Not Just Fun and Games! Structure Class Demonstrations to Reinforce Learning Goals
Feb 20 2013
Classroom demonstrations that illustrate an important process, phenomenon, or application of a concept can generate interest and engage students with course material. Although students enjoy classroom demonstrations, they sometimes remember the activity but do not remember the course learning goals that instructors want to promote when they design the demonstration. An effective demonstration connects student memories of the classroom experience with the concepts the activity was designed to demonstrate.
Strategies that transform an entertaining demonstration into an effective learning experience
Identify the learning outcome(s) you intend to promote with the classroom demonstration. For example, a demonstration that illustrates a counterintuitive or surprising outcome can be used to identify assumptions that lead students to make erroneous predictions. Students experience surprise at unexpected results, which motivates curiosity and encourages students to give weight and credibility to disciplinary concepts and models that explain these findings.
Practice the demonstration to ensure it works properly during class.
Prepare students for the demonstration. Observations are biased by preconceptions (Bransford & Johnson, 1972). Two observers of the same event will remember it differently if they experience the event with different frameworks and expectations (Holst & Pezdek, 1992). Don’t assume students will notice the details you notice or interpret the demonstration in the same way you do. Begin with an explanation that gives students the framework they need to focus their attention on the most relevant aspects of the demonstration. Remind students about the relation between observations during the demonstration and the course material.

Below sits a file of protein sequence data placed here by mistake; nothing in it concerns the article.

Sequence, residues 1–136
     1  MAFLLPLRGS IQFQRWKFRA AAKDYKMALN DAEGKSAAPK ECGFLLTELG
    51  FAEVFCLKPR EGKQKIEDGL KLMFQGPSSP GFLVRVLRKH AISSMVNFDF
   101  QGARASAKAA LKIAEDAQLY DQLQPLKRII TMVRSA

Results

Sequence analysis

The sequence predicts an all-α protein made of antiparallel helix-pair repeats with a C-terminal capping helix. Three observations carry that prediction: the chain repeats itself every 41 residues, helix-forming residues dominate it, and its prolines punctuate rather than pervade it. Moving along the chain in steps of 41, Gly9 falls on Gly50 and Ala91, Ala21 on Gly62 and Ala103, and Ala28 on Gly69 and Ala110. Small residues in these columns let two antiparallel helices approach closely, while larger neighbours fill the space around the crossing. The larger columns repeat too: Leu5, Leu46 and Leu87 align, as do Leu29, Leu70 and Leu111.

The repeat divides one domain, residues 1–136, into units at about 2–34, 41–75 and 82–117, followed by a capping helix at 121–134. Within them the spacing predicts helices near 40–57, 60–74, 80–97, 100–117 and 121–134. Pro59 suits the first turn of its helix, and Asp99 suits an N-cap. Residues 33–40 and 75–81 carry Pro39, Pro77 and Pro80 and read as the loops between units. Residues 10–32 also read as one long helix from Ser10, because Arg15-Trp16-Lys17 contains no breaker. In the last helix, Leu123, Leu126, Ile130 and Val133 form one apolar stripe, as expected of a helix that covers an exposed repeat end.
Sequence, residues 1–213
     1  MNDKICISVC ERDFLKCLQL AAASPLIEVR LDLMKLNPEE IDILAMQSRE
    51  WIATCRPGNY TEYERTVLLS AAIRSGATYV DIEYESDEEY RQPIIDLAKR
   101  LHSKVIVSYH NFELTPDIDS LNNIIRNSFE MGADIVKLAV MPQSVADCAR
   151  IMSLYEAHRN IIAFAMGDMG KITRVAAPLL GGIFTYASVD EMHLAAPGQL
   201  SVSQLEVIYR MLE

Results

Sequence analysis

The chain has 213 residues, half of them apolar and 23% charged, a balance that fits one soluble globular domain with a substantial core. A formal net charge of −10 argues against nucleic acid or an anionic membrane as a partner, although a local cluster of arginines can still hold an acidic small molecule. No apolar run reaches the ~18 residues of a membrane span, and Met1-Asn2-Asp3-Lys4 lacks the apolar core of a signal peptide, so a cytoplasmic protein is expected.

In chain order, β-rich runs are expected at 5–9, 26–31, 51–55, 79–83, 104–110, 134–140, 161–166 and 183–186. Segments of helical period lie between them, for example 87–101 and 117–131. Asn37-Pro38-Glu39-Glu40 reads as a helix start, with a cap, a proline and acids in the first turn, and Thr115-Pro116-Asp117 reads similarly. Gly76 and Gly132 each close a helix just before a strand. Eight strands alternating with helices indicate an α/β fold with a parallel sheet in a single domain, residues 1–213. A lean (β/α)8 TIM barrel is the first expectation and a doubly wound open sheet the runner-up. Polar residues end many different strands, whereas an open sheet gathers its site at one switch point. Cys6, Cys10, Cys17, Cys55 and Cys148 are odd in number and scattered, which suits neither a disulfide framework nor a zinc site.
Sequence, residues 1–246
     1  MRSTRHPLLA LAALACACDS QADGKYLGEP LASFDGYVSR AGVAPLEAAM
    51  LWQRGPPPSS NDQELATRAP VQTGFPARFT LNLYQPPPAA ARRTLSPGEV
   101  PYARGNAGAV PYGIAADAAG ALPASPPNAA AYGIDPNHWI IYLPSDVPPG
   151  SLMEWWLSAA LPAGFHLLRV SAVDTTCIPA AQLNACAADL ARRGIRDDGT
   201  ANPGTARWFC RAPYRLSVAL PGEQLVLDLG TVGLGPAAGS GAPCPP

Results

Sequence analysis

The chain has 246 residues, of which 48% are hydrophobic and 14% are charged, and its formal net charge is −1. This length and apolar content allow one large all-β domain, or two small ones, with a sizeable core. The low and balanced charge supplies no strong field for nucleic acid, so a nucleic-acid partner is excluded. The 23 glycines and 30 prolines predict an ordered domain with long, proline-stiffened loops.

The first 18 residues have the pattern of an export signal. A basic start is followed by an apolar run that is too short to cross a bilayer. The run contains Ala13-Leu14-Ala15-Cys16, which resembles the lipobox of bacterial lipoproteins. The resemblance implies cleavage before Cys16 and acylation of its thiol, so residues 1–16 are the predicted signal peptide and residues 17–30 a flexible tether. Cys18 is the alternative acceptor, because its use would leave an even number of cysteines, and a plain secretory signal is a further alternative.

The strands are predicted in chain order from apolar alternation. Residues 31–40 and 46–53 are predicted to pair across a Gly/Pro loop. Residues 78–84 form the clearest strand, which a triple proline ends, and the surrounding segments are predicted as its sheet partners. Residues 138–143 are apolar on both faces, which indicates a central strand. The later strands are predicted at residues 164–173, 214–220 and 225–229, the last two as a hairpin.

If possible, make students predict the outcome before you conduct the demonstration.
After the demonstration is finished, ask students to discuss the outcome and their observations with each other and the class as a whole.
Reinforce the purpose of the demonstration with a debriefing discussion that identifies and explains the principles demonstrated. Explicitly connect the observations from the demonstration to course content and the learning goals for the activity. Use the curiosity elicited by a surprising outcome to focus attention on disciplinary explanations that are based on valid disciplinary assumptions and models rather than the naïve models students used when they made their initial prediction.
Ask students to take a minute or two to write a reflection on the demonstration. What did they learn from this experience? What was the purpose of including this activity in the class? Reflective writing will reinforce student learning. These essays will also reveal areas that continue to confuse students, which instructors can use to refine the demonstration for use in future classes.
Bransford, J. D., & Johnson, M. K. (1972). Contextual prerequisites for understanding: Some investigations of comprehension and recall. Journal of Verbal Learning and Verbal Behavior, 11, 717-726.
Holst, V. F., & Pezdek, K. (1992). Scripts for typical crimes and their effects on memory for eyewitness testimony. Applied Cognitive Psychology, 6, 573-587.
Pyper, B. A. (2008). Best practices in physics demonstrations or “Oh, I thought this was just for entertainment.” Power Point slides for a presentation at the AAPT UT/ID section meeting, Boise, ID. Retrieved August 2, 2011: http://emp.byui.edu/PyperB/Best%20Practices%20in%20Physics%20Demonstrations.pdf
To follow up on any of these ideas, please contact me at firstname.lastname@example.org. This Weekly Teaching Note was adapted from a contribution to the Teaching and Learning Writing Consortium sponsored by Western Kentucky University.
Claudia J. Stanny, Ph.D., Director
Center for University Teaching, Learning, and Assessment
University of West Florida